The Stationery Trade Review was a trade journal launched in Edinburgh in January 1881 to serve the needs of the stationery, leather, and fancy goods trades in the north of England, Scotland, and Ireland. It was published by Ormiston & Glass, a wholesale stationer, fancy-goods dealer, and publisher with locations in Edinburgh and Glasgow. The publisher felt that existing publications aimed at the stationery business focussed far too much on London and not enough on the needs of businesses outside of the metropolis.
In its first year, the Stationery Trade Review was published monthly. At the beginning of the second year of publication, however, a number of changes were made:
- the page dimensions were increased,
- additional pages were added,
- the periodicity changed from monthly (12 issues per year) to every alternate month (6 issues per year), and
- the cost of an annual subscription was decreased.
The Stationery Trade Review sought to provide provincial businesspeople with the latest news about the trade and new product developments because, “Fancy Stationery must be had piping hot, or it is not worth having at all.” Regular departments included:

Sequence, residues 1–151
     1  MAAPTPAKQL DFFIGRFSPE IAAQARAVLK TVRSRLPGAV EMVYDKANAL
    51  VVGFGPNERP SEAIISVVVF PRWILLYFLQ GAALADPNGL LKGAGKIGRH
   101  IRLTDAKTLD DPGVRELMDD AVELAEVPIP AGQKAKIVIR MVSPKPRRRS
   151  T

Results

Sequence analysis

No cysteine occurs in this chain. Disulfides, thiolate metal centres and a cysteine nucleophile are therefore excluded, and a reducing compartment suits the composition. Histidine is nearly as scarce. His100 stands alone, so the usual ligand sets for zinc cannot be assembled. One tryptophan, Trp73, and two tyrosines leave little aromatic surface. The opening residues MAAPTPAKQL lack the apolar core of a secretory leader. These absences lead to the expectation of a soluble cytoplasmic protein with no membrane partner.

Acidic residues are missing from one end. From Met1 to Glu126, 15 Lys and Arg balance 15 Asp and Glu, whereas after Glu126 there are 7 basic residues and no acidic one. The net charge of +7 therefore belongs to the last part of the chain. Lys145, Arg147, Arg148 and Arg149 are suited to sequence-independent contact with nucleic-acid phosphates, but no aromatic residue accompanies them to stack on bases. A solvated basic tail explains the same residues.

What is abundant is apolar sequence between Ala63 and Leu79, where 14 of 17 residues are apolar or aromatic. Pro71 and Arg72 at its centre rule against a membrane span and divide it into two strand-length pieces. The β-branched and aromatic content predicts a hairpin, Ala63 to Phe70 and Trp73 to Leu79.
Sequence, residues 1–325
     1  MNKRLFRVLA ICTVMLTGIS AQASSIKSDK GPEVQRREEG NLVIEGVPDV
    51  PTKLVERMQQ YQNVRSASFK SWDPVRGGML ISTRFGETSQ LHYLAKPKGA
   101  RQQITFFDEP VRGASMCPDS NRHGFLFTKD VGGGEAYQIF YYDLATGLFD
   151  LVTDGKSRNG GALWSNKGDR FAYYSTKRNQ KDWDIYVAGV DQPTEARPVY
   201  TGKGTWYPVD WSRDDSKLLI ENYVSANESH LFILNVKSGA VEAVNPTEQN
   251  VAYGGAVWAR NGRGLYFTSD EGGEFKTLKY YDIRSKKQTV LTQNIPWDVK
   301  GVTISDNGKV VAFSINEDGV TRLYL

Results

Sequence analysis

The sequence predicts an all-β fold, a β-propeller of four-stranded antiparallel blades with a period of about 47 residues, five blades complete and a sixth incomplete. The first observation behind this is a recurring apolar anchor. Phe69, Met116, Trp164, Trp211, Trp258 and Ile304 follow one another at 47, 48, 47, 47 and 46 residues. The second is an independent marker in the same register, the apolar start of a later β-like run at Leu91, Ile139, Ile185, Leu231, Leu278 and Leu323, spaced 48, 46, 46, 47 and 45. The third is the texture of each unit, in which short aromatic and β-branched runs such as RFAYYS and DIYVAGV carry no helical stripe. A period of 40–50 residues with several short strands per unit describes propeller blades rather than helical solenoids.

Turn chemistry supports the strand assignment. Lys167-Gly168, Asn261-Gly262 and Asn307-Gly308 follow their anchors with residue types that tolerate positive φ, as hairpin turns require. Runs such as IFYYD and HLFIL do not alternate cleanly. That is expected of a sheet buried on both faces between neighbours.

- the State of the Trade,
- Notices of New Goods,
- Notices of New Books,
- Letters to the Editor,
- the Gazette, which announced new companies and business failures, and
- Law Reports.
Articles outside of departments tended to be excerpted from other trade and popular publications, and the subject matter combined histories of the trade, legal topics, entertaining stories and anecdotes related to the trade, and other materials designed to inform and educate businesspeople about developments in technology, products, and business practices. While the journal professed to focus on northern England, Scotland, and Ireland, the articles situate the trade in a global framework, providing information on everything from copyright in various international jurisdictions to paper consumption in several areas around the globe.
Advertising was an important feature of the publication, not only because it generated income, but also as a means of keeping members of the trade informed about the latest goods and innovations. Both outside and inside covers included display ads, and advertisements were dispersed throughout each issue. Classified ads, such as positions vacant and individuals seeking employment, were also included. Advertisements and content often featured Ormiston & Glass, the publisher.